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United Nations and Global Conflicts

By Dr. Arambam Noni Meetei   |   Department of Political Science, D.M. University, Manipur
Learners enrolled: 1044
The United Nations is a global organisation. It was founded in the year 1945 after the devastating Second World war. As it was initially committed by 51 member states for global peace, development, social equity and setting human rights standards, the course is to train the UG students with old and new issues that confront an international organisation like UNO. The significance of UNO lays in the fact that today at least 193 member countries are on board. It is an apex body that has an overall supervisory role in ensuring freedom and rights across the borders. Its main organs like the General Assembly, Security Council, ECOSOC, etc., have been playing critical roles. Due to its critical nature of intervention, often it has faced conflicts with the member states. However, it is pertinent for students to know that a strengthened UNO is to ensure the interest of the weak and even the stronger nations; a win-win situation. It not only deals with global states, but also takes up disadvantaged issues and peoples’ rights. For instance, human rights in conflict zones, fair trial, speedy justice, freedom to dissent, protecting environment through sustainable development, etc. 
Summary
Course Status : Ongoing
Course Type : Core
Duration : 15 weeks
Start Date : 26 Jul 2021
End Date : 07 Nov 2021
Exam Date :
Enrollment Ends : 15 Sep 2021
Category :
  • Humanities and Social Sciences
Credit Points : 6
Level : Undergraduate



Course layout

Week 1:
1 The need for an international order
2 The scope of UNDHR
3 Peace and Ideologies
4 Objectives of UNO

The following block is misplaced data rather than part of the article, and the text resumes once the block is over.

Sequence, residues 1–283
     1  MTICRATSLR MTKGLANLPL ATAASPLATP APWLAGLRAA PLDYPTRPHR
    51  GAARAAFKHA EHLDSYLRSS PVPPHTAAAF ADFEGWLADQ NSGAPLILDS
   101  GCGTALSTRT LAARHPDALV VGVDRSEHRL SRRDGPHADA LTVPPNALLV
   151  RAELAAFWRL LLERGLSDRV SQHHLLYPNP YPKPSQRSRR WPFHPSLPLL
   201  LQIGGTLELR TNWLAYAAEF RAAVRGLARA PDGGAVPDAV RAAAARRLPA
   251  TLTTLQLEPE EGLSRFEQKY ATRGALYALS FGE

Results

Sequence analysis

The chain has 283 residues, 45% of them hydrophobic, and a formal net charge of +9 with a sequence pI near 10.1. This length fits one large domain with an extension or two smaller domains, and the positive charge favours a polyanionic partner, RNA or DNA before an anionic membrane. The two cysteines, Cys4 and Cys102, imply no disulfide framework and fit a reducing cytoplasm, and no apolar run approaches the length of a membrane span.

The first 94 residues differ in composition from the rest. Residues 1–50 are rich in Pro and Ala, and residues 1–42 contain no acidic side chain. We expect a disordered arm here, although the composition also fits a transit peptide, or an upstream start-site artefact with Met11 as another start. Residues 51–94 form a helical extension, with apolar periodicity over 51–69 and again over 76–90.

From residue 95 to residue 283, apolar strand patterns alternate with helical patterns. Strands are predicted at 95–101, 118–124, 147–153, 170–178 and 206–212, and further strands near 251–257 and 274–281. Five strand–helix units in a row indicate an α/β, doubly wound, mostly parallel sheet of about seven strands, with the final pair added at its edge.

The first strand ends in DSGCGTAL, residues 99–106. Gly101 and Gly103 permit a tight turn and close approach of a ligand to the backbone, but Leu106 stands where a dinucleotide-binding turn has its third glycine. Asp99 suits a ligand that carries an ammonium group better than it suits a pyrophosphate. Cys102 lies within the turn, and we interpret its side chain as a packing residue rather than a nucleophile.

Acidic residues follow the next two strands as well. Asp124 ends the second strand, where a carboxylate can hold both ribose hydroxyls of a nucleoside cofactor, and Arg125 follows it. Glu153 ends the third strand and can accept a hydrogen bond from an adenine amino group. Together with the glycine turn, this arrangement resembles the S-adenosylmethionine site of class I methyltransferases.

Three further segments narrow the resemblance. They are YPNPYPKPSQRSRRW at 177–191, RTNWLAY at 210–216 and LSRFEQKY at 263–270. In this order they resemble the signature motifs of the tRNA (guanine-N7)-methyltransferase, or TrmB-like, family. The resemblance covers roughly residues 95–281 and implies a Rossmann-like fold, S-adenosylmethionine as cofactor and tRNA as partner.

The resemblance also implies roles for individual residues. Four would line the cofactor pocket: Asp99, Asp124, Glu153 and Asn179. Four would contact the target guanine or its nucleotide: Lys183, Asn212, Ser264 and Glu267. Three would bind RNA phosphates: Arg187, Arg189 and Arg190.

Week 2:
1 Liberal principles of UNO
2 Precedents of minority rights
3 UNO and Women’s rights
4 UNO and Indigenous rights

Week 3:
1 Structure of General Assembly and role
2 Security Council: Its Structure Veto system and Security Council
3 Veto system and Security Council
4 Economic and Social Council

Week 4:
1 Contributions of ECOSOC
2 Idea of ICJ
3 Landmark interventions of ICJ
4 Specialised agencies: Its importance

Week 5:
1 ILO: Structure and Role
2 ILO: Issues and Labour rights
3 UNESCO: Main contributions
4 WHO: Issues and Contributions

Week 6:
1 WHO: Fighting Pandemics
2 UNICEF: Structure and Function
3 UNICEF and Child rights
4 UNDP and its Functions

Week 7:
1 UN Environment Programme and global climatic issues
2 UNCHR: Refugee questions and stateless people’s rights
3 Some distinctive contributions of UNCHR
4 Peace Keeping: UN’s Role

Week 8:
1 Millennium Development Goals: The case of developing countries
2 Causes of Korean war
3 Fallout of Korean war
4 Global dynamics and Korean war

Week 9:
1 Korean War and UN
2 Korean crisis and arm race
3 Vietnam War: Causes
4 USA and Vietnam war

Week 10:
1 Internal sovereignty and regional power struggle in Vietnam
2 Military alliances and ideological consequences
3 Vietnam war: Hope and Despair
4 Afghanistan war: The cold war politics